Researchers who conducted a large, randomized clinical trial across Europe, Great Britain, and Canada found that in order to improve safety and reduce toxicity, advanced bladder cancer patients can be treated with a combination of gemcitabine(Drug information on gemcitabine) (Gemzar) and cisplatin(Drug information on cisplatin) (Platinol). This combination (known as GC) did not extend survival, but it was much less toxic than the currently used combination, MVAC (methotrexate, vinblastine, doxorubicin(Drug information on doxorubicin) [Adriamycin], and cisplatin).
Compared to 196 patients who were treated with MVAC, the 200 patients who received GC had a lower incidence of adverse events, including low white blood cell count (82% vs 71%, respectively), fever (14% vs 2%), severe infection (12% vs 1%), and mouth sores (22% vs 1%). There were also fewer chemotherapy-related deaths in patients receiving GC (1%) compared to those receiving MVAC (3%). In general, patients treated with GC had less weight loss and fatigue and better overall physical functioning compared to patients treated with MVAC.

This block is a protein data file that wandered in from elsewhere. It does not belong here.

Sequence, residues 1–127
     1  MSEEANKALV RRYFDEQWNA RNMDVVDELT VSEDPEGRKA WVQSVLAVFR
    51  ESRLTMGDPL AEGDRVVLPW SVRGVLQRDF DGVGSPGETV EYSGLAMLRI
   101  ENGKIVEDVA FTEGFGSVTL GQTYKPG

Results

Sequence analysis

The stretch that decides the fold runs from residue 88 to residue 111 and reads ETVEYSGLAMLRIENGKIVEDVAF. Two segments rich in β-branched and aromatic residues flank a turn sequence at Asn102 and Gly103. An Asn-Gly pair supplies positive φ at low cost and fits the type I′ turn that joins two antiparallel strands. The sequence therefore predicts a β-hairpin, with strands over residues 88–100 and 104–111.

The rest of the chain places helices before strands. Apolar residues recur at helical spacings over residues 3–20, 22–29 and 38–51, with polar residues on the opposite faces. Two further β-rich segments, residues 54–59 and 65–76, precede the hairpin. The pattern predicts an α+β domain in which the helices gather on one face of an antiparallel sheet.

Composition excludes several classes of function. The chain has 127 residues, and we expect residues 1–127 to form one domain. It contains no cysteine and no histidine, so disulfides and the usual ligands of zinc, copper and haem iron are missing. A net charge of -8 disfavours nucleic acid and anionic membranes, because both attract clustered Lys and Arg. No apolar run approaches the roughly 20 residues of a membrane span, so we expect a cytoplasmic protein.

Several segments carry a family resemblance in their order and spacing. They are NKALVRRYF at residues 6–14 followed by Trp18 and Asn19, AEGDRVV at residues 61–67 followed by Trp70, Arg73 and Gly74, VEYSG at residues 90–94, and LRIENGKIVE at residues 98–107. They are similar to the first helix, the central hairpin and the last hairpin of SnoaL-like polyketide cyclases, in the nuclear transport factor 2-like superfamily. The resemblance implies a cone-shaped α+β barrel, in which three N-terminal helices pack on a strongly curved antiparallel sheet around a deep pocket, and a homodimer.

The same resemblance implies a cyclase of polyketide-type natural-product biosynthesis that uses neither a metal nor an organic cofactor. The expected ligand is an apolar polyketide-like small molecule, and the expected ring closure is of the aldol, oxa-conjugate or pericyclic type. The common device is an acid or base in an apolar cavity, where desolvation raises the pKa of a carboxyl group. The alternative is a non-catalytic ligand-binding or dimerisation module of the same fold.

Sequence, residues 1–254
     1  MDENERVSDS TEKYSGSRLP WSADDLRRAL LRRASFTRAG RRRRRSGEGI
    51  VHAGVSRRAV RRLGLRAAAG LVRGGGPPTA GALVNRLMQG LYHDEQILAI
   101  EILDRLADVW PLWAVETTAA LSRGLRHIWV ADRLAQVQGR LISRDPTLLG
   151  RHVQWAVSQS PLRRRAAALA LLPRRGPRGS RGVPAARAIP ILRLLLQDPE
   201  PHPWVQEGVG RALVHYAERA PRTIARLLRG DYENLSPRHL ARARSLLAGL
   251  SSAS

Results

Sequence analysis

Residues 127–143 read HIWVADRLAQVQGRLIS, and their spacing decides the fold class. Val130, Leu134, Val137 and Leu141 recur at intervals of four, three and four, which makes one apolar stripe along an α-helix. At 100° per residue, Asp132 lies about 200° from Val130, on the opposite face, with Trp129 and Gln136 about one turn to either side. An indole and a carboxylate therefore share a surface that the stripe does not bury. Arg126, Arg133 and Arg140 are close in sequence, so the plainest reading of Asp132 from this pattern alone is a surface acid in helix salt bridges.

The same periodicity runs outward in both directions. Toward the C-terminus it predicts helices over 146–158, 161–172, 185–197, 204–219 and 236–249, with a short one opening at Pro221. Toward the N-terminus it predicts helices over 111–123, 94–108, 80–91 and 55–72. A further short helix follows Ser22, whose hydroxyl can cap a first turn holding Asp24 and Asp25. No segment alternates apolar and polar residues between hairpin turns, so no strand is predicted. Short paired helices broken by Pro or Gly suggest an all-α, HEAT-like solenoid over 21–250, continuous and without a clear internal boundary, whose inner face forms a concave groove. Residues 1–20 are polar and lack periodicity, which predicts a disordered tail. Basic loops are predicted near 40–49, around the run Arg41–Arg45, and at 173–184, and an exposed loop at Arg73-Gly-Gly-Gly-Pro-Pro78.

GC is a safer therapeutic alternative for patients with locally advanced and metastatic bladder cancer, said oncologist Professor Hans von der Masse, of Aarhus University Hospital in Aarhus, Denmark. He added that GC should also be tested in patients with early-stage bladder cancer.